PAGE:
‘Hungry’ black bear breaks into house for food then smashes through wall to leave

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Colorado Police responded to an unusual report of a break-in on Friday after a bear broke in to a residential home. 

The house was empty during the bear break-in but police in Estes Park claim the grizzly was probably attracted to the smell of rubbish.

Despite entering peacefully, the bear decided it didn’t want to use doors anymore and instead, smashed a hole through a wall. 

The police department made light of the incident on Facebook.

“Upon officer’s arrival, said bear forcibly breached a hole in the wall like ‘Kool-Aid Man’ and made its escape”

Colorado Police Department

It wrote: “Last night a bear entered a residence near the area of Fall River Road. The bear seemed to have been attracted to the scent of refuse. Upon officer’s arrival, said bear forcibly breached a hole in the wall like ‘Kool-Aid Man’ and made its escape.”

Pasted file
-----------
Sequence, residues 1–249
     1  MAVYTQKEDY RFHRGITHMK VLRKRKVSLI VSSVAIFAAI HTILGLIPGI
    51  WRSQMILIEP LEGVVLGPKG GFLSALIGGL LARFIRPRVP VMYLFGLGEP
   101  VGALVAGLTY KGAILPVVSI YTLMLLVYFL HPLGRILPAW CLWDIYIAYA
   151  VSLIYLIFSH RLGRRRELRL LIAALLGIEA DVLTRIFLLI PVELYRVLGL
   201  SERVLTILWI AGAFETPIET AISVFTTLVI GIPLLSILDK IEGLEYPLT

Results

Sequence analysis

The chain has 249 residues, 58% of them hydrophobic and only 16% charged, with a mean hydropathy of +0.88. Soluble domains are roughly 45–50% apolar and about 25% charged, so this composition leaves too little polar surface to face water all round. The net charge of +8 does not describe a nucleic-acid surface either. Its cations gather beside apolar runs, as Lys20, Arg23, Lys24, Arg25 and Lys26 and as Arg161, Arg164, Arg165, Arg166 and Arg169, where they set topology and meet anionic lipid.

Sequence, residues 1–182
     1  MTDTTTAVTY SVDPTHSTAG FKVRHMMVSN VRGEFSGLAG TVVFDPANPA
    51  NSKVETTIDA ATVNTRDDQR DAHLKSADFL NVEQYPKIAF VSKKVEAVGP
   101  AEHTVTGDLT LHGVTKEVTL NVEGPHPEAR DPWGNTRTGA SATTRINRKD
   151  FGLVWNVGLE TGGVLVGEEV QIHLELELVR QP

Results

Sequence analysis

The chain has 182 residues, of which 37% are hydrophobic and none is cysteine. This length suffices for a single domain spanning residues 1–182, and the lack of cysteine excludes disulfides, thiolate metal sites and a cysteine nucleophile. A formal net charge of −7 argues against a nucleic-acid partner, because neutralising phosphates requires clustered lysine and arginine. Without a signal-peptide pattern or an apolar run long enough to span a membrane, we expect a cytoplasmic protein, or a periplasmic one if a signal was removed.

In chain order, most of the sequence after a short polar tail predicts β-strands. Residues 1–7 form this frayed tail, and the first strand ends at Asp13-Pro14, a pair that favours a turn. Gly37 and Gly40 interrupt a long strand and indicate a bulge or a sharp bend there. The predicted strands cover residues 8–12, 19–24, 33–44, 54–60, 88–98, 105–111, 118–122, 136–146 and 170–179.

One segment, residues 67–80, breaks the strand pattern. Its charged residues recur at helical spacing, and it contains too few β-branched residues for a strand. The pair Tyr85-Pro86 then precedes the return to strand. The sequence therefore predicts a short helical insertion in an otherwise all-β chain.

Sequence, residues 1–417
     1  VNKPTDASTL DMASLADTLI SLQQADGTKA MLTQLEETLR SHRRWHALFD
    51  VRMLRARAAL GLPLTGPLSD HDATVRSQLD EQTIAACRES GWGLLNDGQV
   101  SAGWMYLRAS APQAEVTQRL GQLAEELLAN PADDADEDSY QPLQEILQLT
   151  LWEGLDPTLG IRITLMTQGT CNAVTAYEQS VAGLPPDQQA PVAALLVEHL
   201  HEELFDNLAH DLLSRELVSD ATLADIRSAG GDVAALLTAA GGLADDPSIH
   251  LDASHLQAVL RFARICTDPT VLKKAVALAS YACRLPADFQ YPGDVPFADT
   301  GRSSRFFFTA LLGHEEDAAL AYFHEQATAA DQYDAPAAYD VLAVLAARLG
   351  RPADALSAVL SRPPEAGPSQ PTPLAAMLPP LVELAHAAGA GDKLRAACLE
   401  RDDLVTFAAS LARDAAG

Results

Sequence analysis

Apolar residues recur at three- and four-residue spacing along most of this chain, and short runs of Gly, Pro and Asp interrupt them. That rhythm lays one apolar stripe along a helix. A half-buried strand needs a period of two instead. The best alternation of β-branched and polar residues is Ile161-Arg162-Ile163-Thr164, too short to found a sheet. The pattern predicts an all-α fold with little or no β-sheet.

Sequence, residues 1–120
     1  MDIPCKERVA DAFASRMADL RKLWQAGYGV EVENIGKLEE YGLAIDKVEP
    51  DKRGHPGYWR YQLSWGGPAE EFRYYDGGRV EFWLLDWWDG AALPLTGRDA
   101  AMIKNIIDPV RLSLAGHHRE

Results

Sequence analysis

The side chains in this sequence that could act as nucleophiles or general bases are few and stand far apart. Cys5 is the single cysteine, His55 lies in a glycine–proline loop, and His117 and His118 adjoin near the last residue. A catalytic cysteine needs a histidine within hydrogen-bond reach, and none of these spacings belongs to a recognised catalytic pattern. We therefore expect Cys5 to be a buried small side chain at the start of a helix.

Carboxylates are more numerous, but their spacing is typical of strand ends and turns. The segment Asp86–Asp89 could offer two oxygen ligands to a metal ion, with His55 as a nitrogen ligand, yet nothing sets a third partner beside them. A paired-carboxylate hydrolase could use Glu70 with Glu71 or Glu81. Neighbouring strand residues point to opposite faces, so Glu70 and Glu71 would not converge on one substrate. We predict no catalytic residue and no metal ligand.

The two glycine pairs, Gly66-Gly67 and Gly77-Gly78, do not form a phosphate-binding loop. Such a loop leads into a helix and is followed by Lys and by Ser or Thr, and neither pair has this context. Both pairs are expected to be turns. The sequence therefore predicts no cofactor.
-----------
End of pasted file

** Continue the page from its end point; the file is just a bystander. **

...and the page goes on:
Kool-Aid is a soft drink in the US and is usually advertised featuring a mascot who smashes through walls. 

In the days leading up to the incident, Colorado Parks and Wildlife reported nine bears broke into houses in the Estes Park area, and cracked into more than 35 vehicles. 

Colorado Parks and Wildlife said: “For your safety, and the lives of these bears, please close and lock ALL windows and doors to your house and vehicles. Make it a routine to check everything is closed up before you go to bed or leave the house to do errands. 

“Some of these vehicles were clean of any attractants – not even a crumb – and multiple cars in the same area. This shows that some individual bears are so habituated to receiving food from vehicles that some are going car to car seeing if they are unlocked, even if they don’t see or smell food. 

“Please do your parts to keep bears wild. Bears are extremely smart, which means we all have to be too. Sometimes it’s literally as easy as a push of a button or flick of a lock. 

“Please report any human-bear conflicts to CPW. These reports help us wildlife officers do proactive patrols and identifying high conflict areas where officers can provide directed education to residents and visitors and help prevent bears from becoming habituated to human-derived food sources.”

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